Lesson One: There is nothing funnier than a knitted helmet.
Good news, Grandma has agreed to the blog proposal. When I pitched it to her as “I’d like to make my visits more frequent and I’d like to write a blog about them”, her first question was of course, “What’s a blog?” Good question, I answered. I managed to explain it as a kind of account of events, which she accepted. I told her I wouldn’t use her name or anything, and she giggled and exclaimed, “No names no pack drill!” She found this so funny I was hesitant to admit to her that I had no idea what she was talking about, but once I did she explained that it was an old saying originating from the military. Lost on the hopeless Gen Y yet again.
I had given Grandma a bit of a heads up for today by saying that I’d like her to choose our next project, given that I chose the last one which ended up being a bit of a disaster (particularly when Grandma decided it was all too hard for me and convinced me we could make the mittens without thumbs. I’m not sure if you’ve ever seen mittens without thumbs but they are really just an awkward hand-sock, appearing to be more of a self-harm preventative than a strategy to keep warm).
Because of this Grandma had a few pattern books out. One of which was the Patons “Woolcraft” booklet pictured below, which she informed me I could keep. This soon made me happy not just because it’s old and I like old stuff, but because I enjoy having a giggle at some of the ludicrous designs it yields.
My favourite would have to be the ‘Knee Caps’; woolen knee covers as it were. Grandma explained that this was a fad mainly for older women with arthritis, however the picture featuring some sexy young legs would suggest otherwise. I like to think that this pattern was created for people like me who have a secret fear of kneecaps and their un-nerving ability to move around under the skin. I don’t even like people touching my kneecaps. Kneecap injuries? I’d prefer not to hear about them thank you. Keep it to yourself.
Maybe some “Knee Caps” could make for a future project of mine. Might keep those dodgy buggers in place.
Second favourite pattern? The “Man’s Helmet”. For obvious reasons. I like that this has been specifically designated for men. Women don’t need knitted helmets, of course. Impractical for the lives we lead. But for men? Absolutely essential.
So after a few giggles at these, Grandma was showing me some baby patterns and I told her a friend of mine is due in the next couple of weeks. This led us to the ‘Diana’ pattern. I like that the pattern has a person’s name. I can see a lot of cursing of that name in future. It’s actually a very gorgeous ‘Matinee Jacket’ (for babies that enjoy a bit of the old afternoon show…), and Grandma sourced some pretty bluey whitey greeny baby wool, 8 ply. Size 3.75mm needles.
So, there is our first project sorted. My friend having the baby had requested I make her new baby girl a knitted headband like the one I’ve made myself… instead she’s going to get a (most likely skewwhiff) Matinee Jacket. Whether she bloody wants it or not. The Pattern book we’re taking it from was bought before my Uncle was born (Grandma’s first child), in 1956. It is literally falling apart in Grandma’s hands as we suss out the pattern. She offered for me to take it with me before I left, confused by my refusal. I tried telling her it was an antique and I didn’t want to destroy it, she only scoffed back at me.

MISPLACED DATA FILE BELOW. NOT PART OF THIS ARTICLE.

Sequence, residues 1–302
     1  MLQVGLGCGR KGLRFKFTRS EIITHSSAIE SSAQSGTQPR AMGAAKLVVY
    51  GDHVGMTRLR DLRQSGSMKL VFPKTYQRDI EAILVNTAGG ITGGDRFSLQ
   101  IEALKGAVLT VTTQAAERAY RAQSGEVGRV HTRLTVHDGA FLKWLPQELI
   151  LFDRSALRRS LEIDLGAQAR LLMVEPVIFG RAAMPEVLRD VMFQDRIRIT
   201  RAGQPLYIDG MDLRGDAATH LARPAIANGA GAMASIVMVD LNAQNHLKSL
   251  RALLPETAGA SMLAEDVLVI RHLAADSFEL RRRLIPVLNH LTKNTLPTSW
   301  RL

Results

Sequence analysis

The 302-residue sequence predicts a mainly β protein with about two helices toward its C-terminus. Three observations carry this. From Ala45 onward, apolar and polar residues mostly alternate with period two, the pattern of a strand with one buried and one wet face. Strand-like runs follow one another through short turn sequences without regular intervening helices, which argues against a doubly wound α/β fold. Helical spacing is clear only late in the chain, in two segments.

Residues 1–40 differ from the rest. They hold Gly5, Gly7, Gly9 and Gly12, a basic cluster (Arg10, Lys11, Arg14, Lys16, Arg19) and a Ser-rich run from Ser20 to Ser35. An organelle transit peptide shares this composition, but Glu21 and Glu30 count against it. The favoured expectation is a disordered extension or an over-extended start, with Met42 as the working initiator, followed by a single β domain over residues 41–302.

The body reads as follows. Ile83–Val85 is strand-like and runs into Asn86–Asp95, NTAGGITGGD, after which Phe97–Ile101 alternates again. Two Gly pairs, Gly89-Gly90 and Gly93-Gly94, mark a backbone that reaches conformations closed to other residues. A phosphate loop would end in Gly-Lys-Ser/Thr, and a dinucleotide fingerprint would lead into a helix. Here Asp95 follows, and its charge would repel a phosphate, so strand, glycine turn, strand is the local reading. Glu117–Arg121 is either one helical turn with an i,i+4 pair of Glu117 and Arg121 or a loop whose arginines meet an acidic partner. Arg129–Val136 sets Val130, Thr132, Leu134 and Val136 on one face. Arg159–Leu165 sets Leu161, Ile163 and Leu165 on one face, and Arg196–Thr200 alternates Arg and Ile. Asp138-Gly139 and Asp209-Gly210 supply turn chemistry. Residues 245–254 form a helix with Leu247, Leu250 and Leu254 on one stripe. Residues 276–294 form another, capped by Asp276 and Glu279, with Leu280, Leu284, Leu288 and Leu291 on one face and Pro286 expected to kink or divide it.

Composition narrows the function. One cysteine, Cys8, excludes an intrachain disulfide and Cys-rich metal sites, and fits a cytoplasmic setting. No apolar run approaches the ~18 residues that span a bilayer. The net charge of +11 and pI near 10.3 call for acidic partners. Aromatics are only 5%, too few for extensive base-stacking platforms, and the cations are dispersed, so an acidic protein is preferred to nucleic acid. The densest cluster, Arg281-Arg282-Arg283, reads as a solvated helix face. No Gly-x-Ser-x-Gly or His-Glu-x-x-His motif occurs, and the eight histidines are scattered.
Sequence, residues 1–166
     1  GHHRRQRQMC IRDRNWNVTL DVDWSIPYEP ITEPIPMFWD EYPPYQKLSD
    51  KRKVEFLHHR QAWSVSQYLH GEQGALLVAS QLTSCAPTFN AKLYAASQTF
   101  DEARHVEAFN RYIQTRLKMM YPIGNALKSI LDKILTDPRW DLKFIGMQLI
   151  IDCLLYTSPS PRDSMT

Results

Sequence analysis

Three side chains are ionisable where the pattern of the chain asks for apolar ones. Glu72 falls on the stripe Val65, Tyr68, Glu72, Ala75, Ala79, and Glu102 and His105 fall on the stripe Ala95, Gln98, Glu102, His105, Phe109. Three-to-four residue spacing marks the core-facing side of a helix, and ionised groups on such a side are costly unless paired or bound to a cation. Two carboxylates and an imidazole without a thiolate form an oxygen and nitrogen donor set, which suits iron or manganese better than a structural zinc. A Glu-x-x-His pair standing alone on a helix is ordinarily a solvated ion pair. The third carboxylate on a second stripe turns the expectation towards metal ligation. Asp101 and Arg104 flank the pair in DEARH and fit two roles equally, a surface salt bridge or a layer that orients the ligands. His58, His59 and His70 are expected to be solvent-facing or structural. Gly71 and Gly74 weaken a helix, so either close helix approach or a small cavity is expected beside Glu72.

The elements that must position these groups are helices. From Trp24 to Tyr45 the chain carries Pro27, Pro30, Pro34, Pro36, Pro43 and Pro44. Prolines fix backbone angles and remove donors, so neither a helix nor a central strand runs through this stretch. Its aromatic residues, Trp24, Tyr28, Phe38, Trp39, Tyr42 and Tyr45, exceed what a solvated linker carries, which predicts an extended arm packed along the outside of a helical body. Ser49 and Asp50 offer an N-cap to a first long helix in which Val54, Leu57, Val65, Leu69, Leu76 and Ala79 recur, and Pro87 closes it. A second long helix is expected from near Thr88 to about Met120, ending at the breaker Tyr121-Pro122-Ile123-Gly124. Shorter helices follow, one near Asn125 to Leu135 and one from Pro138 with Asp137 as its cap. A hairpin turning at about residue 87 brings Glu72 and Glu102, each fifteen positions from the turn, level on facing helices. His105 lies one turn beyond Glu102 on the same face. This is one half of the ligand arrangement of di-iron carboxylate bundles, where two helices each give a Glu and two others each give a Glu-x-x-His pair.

Once we’d picked our pattern, Grandma provided a bit of a lesson on needle sizes and told me that I may need to go up a size if my tension is too tight – which it is at the moment after too much time with size 12mm needles. She showed me how to loop the wool around my pinky and index finger to improve tension also. I also realized when we cast on that I’ve been doing this incorrectly for some time, knitting the stitch and then pulling it through rather than between stitches. No wonder all my scarves start out looking a little awkward. If any friends/ family are reading this: no refunds.
As I cast on 42 stitches, Grandma and I talked about how knitting seems to have skipped a generation; her daughter (my Aunty) was never interested in it, but now Grandma is teaching both me and my younger cousin. I asked if she thought this may have been related to Women’s Liberation and she nodded, agreeing that it became very ‘uncool’ after that… but she was more of the opinion that it had more to do with how much easier it is to just buy clothes now, and that people have now lost interest in hand-making garments. She referred to my Mum, who when I was younger worked in the fabric section of Aherns (now bought out by David Jones), and how upset she was when this section was closed down, because by the mid nineties, many women had stopped sewing.
I told Grandma about Etsy, and how popular this is due to the new demand for hand-made things, from a generation of people deprived of the novelty. She was really pleased to hear this. I told her I’d bring my laptop for her to see next time.
Poor old Grandma also had a whinge about Spotlight’s poor choice in wool options (I’ve been there too, they are pretty average I’ve never actually bought yarn from there), but where I can go to the specialty yarn stores instead, Grandma can’t afford them. I told her about buying wool online (though I never have), and we agreed to have a go at it together some time.
So after 2 hours of chatting, drinking tea, picking out a pattern and starting on it, we really only got a few garter stitch rows done!! See below for finished product. Grandma left me to finish off 5 more garter stitch rows before we start increasing, next lesson.
Have a lovely week!